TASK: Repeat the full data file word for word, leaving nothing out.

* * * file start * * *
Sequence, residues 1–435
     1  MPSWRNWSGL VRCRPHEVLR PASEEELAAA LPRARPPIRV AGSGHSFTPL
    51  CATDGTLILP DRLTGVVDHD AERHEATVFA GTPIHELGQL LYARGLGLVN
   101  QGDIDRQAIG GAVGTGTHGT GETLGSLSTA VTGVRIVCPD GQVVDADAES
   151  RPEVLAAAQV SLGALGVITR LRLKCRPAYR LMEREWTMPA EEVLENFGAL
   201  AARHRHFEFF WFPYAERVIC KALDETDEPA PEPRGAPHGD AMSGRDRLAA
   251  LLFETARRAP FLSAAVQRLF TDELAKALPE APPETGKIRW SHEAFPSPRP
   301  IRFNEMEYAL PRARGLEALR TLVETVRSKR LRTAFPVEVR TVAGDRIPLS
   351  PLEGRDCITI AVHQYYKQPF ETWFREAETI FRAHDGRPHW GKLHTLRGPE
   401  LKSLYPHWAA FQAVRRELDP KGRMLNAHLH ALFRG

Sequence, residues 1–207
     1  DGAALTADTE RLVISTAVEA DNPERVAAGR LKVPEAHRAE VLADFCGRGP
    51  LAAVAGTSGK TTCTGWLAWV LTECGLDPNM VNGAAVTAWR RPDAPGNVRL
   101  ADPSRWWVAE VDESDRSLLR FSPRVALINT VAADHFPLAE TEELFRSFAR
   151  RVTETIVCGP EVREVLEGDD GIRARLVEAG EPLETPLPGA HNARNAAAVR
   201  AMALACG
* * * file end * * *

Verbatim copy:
Sequence, residues 1–435
     1  MPSWRNWSGL VRCRPHEVLR PASEEELAAA LPRARPPIRV AGSGHSFTPL
    51  CATDGTLILP DRLTGVVDHD AERHEATVFA GTPIHELGQL LYARGLGLVN
   101  QGDIDRQAIG GAVGTGTHGT GETLGSLSTA VTGVRIVCPD GQVVDADAES
   151  RPEVLAAAQV SLGALGVITR LRLKCRPAYR LMEREWTMPA EEVLENFGAL
   201  AARHRHFEFF WFPYAERVIC KALDETDEPA PEPRGAPHGD AMSGRDRLAA
   251  LLFETARRAP FLSAAVQRLF TDELAKALPE APPETGKIRW SHEAFPSPRP
   301  IRFNEMEYAL PRARGLEALR TLVETVRSKR LRTAFPVEVR TVAGDRIPLS
   351  PLEGRDCITI AVHQYYKQPF ETWFREAETI FRAHDGRPHW GKLHTLRGPE
   401  LKSLYPHWAA FQAVRRELDP KGRMLNAHLH ALFRG

Sequence, residues 1–207
     1  DGAALTADTE RLVISTAVEA DNPERVAAGR LKVPEAHRAE VLADFCGRGP
    51  LAAVAGTSGK TTCTGWLAWV LTECGLDPNM VNGAAVTAWR RPDAPGNVRL
   101  ADPSRWWVAE VDESDRSLLR FSPRVALINT VAADHFPLAE TEELFRSFAR
   151  RVTETIVCGP EVREVLEGDD GIRARLVEAG EPLETPLPGA HNARNAAAVR
   201  AMALACG